If you are new to the modeling / photography industry you've probably been told that you need a book or portfolio to even get your foot in the door most places. Even if you've been in the industry and are a known person you still need a book. Portfolios are quick easy shortcuts for agencies and artistic directors to find the right look they want for a particular campaign they are creating.
Some questions that I field consistently on this topic are listed below.
1) Where do I find a model portfolio or book?
There are a lot of places you can find books and portfolios for you're prints and tare sheets. While its always nice to have a leather bound case and spend the money on something really nice its not always the best idea. Portfolios and books are meant to be moved around and shuffled from place to place. This creates a lot of wear and tare on a book. I would get a portfolio that has a hard casing that is scratch resistant. Leather looks nice and is very professional, but I guarantee you'll scratch it before you know it.
2) What should my model portfolio or book contain?
You should have to seperate portfolios. One book for specific meetings where the agency or photographer is looking for something in particular. The other book should be a general portfolio that contains a variety of different looks. This book should have a little bit of everything, from portraits to the most unique shots you've done to date.
3) Where can I find photographers willing to help me with my book?
Most photographers will help you develop you're book, but higher end photographers will most likely charge you for it. If you are looking to start a new portfolio, one of the best ways to get it developed is to seek out new and semi pro photographers working for TFP. TFP stands for Time for Prints, and is what it sounds like. You give the photographer you're time in exchange for some prints for your portfolio book. This is a great way to get a lot of shots for your book at a reasonable price.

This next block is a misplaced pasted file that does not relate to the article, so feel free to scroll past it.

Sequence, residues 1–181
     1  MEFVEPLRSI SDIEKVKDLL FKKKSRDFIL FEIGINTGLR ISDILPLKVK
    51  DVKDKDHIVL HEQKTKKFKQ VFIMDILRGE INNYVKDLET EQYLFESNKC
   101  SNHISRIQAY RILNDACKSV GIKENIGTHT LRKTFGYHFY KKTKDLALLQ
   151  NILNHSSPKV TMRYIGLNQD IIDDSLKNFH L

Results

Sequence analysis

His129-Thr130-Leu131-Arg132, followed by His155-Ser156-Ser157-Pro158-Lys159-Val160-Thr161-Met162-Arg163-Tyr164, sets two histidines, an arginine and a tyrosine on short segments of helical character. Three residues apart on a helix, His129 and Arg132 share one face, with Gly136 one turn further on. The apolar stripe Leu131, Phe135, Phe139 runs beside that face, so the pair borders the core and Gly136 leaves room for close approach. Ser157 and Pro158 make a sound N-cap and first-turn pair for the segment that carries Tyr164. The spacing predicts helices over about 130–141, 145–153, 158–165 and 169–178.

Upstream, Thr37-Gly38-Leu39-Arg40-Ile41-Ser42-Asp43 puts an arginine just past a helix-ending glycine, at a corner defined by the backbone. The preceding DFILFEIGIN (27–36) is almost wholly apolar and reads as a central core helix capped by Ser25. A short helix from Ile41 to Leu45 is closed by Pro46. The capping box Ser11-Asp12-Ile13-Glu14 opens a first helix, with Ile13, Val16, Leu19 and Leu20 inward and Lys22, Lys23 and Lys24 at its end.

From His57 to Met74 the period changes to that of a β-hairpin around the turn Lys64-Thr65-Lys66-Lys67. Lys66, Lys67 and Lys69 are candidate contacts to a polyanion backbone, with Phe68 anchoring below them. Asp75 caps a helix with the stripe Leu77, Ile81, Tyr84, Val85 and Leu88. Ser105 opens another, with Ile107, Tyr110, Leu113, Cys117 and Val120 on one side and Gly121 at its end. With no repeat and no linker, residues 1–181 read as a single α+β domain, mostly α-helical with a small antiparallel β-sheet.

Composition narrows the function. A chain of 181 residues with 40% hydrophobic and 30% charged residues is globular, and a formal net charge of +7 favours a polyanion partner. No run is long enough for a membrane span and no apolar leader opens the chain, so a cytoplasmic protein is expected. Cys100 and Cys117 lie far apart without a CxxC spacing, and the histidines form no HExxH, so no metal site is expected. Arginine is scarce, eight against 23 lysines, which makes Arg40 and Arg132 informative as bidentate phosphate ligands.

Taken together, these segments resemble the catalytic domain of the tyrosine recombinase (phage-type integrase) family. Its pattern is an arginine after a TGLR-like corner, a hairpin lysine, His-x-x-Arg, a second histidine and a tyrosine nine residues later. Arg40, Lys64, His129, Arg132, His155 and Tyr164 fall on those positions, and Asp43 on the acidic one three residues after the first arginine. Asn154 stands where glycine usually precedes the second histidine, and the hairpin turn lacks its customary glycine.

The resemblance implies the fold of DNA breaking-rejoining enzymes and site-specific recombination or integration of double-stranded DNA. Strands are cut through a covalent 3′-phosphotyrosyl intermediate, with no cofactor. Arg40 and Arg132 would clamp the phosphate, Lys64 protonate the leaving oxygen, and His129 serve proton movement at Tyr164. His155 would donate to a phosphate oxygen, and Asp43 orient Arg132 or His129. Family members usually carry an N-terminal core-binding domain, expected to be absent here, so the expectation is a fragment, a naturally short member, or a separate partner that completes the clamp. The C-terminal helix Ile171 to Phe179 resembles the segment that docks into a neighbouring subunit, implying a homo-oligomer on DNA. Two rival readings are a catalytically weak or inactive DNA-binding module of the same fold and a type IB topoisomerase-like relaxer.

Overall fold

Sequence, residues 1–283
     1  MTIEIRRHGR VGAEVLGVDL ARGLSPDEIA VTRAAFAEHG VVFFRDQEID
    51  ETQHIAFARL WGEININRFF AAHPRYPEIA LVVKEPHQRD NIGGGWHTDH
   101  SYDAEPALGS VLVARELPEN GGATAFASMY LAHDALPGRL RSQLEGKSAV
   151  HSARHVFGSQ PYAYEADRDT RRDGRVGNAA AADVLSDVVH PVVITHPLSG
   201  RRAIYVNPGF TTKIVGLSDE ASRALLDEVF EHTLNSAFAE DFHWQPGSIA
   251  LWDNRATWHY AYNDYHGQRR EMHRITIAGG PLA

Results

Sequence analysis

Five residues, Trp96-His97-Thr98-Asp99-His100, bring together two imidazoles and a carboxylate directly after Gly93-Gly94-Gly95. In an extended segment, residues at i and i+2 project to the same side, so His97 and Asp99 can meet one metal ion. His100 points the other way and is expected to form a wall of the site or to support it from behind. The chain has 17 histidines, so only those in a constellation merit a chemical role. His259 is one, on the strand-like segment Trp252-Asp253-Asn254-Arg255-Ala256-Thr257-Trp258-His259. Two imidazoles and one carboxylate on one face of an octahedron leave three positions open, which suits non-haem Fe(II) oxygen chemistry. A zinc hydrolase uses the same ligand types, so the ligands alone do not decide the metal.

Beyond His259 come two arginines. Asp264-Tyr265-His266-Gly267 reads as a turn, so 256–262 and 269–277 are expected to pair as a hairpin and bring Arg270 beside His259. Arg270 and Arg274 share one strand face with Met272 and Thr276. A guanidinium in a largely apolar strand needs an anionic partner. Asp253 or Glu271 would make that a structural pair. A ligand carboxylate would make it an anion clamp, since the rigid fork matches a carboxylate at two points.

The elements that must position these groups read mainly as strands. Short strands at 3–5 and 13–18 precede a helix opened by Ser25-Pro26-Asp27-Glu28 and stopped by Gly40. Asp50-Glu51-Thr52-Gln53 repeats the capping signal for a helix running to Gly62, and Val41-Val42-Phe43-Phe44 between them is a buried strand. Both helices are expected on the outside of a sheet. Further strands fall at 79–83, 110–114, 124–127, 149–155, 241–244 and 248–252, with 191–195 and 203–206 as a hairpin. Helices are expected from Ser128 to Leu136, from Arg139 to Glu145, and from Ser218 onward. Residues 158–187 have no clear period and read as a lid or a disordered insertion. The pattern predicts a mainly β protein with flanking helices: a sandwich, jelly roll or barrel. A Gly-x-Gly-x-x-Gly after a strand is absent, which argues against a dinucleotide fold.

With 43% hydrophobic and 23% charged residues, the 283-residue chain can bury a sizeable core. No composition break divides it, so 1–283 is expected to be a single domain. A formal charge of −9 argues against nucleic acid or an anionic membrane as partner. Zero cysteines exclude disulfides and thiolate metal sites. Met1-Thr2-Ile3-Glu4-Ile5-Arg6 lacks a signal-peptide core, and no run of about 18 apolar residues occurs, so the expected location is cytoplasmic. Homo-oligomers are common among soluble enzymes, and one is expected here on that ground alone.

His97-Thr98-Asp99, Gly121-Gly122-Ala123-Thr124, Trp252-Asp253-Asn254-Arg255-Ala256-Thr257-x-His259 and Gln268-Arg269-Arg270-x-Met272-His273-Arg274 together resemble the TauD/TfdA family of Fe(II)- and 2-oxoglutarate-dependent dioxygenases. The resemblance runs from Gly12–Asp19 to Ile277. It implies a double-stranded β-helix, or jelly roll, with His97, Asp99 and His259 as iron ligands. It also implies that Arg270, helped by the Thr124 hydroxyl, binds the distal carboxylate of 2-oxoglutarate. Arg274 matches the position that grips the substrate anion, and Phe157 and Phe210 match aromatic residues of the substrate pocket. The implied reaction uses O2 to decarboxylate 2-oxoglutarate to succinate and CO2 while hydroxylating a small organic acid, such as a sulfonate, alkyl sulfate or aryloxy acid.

4) What size should my book be?
As a photographer myself, I prefer to look at 8x10 books. Thats just a personal preference really, but I think its a good target size as it is large enough to see full details of an image and clients can hold it up and stand back a pace to look at it. Books and portfolios can come in all sizes, but anything bigger then an 8x10 is clunky and hard to lug around.
5) Besides photos, what else should be in my portfolio?
You should always have your contact information clearly labeled on the inside front cover of the book. This provides the viewers with direct access to your most important information, a way to contact you! Other possible things in the book might include a listing of photographers you've worked with and a contact for references.